Frozen Shoulder Syndrome Frozen Shoulder SyndromeFrozen shoulder syndrome is a term that many people use incorrectly when there is an injury to the shoulder. There is more to frozen shoulder syndrome than just a mere injury.

Whenever there is restricted movement or pain in your shoulder, it needs to be evaluated by a medical professional to determine the exact extent of injury and correct treatment.

How do you Know Its Frozen Shoulder?

When you experience the inability to use your shoulder at the joint or ball and socket in the shoulder, it could be due to frozen shoulder syndrome. The exact reason that it occurs is due to inflammation in the cartilage that surrounds the ball and socket, which restricts the movement of the shoulder.

The Stages

There are three stages that most people experience with this syndrome – the freezing, frozen and thawing stage.

Freezing Stage – When the pain begins to set in, this is the freezing stage. It typically follows a traumatic event, such as a spontaneous injury, heart attack or even prolonged immobilization of the arm. This stage is typically painful, but there is not 100% restriction of the use of the shoulder. It can still be moved, it will just be painful.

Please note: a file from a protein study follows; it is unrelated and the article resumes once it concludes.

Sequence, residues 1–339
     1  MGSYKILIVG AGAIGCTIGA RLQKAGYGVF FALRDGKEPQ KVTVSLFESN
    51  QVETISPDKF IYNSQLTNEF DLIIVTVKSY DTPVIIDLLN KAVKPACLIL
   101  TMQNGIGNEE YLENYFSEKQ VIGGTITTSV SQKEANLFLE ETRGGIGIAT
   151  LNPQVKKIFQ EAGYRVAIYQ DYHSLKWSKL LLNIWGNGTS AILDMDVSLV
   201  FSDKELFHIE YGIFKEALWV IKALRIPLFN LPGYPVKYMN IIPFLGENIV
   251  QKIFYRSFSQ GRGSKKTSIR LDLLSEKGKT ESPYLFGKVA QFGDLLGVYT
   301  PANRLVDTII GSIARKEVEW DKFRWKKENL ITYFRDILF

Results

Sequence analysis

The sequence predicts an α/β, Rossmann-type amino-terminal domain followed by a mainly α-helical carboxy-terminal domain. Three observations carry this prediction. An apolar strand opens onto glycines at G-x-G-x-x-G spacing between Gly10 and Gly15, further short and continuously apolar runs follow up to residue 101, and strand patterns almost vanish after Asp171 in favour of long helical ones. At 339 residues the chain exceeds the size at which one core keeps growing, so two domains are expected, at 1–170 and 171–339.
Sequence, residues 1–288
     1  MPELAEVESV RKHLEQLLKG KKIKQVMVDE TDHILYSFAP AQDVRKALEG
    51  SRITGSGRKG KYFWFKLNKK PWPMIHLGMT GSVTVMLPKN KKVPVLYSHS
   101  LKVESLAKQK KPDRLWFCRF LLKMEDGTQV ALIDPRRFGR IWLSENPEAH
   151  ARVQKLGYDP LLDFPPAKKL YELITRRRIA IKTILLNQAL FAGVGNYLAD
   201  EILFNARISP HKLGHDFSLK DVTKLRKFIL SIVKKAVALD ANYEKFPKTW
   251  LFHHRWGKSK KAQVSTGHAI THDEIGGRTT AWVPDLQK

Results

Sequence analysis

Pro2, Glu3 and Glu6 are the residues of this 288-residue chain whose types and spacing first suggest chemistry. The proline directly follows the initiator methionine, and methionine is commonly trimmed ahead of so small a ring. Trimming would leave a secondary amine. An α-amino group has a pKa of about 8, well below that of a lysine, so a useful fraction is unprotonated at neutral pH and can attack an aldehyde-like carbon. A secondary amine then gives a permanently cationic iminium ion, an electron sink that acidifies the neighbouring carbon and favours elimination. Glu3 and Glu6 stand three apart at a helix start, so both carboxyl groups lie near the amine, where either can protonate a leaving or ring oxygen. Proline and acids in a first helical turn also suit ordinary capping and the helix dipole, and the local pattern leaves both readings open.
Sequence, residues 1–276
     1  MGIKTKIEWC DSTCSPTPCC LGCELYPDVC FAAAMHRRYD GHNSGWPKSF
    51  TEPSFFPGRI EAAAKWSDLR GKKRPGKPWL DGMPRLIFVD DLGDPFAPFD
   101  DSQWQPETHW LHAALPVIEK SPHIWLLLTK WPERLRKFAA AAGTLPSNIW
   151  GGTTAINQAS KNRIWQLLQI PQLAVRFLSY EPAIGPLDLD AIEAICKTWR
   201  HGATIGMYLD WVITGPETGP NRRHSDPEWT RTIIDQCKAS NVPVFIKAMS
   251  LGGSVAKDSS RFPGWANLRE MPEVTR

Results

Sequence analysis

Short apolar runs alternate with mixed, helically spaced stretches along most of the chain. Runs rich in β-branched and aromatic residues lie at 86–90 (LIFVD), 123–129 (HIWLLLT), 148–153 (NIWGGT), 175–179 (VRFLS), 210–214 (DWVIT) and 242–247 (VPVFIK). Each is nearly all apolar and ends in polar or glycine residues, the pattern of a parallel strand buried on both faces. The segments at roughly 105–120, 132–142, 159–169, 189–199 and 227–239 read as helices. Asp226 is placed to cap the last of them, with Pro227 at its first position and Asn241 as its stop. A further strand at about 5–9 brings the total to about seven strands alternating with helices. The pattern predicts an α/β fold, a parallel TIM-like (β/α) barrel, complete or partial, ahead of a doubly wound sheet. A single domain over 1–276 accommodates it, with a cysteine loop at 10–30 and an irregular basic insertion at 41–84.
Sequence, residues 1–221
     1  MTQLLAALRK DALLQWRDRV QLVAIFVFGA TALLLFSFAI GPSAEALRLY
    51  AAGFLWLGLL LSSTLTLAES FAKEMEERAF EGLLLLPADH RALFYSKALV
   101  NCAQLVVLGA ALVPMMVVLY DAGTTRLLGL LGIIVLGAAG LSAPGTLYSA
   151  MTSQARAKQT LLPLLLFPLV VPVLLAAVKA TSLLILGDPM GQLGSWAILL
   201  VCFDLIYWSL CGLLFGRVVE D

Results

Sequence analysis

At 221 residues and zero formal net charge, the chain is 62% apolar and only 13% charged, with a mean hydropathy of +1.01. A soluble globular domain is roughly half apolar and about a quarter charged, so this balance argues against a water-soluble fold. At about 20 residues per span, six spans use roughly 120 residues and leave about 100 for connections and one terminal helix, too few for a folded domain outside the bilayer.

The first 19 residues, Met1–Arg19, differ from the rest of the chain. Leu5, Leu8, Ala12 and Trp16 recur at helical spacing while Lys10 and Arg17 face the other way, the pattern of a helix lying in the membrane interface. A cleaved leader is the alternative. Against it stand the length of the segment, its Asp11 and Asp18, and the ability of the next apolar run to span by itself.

Frozen Stage – During the frozen stage, the shoulder becomes completely stiff and unable to be used. The pain is typically gone by this stage, leaving you with an arm that simply cannot be used.

Thawing Stage – The pain again returns during the thawing stage as your shoulder begins to heal and you are able to begin moving your arm. The pain slowly begins to diminish as the shoulder completely heals.

The unfortunate part of frozen shoulder syndrome is the length of time that it lasts. If an early diagnosis and treatment plan is not obtained, it can take up to 1 year to fully recover. Patients that do not seek early treatment could also face a lifetime of stiffness in their shoulder.

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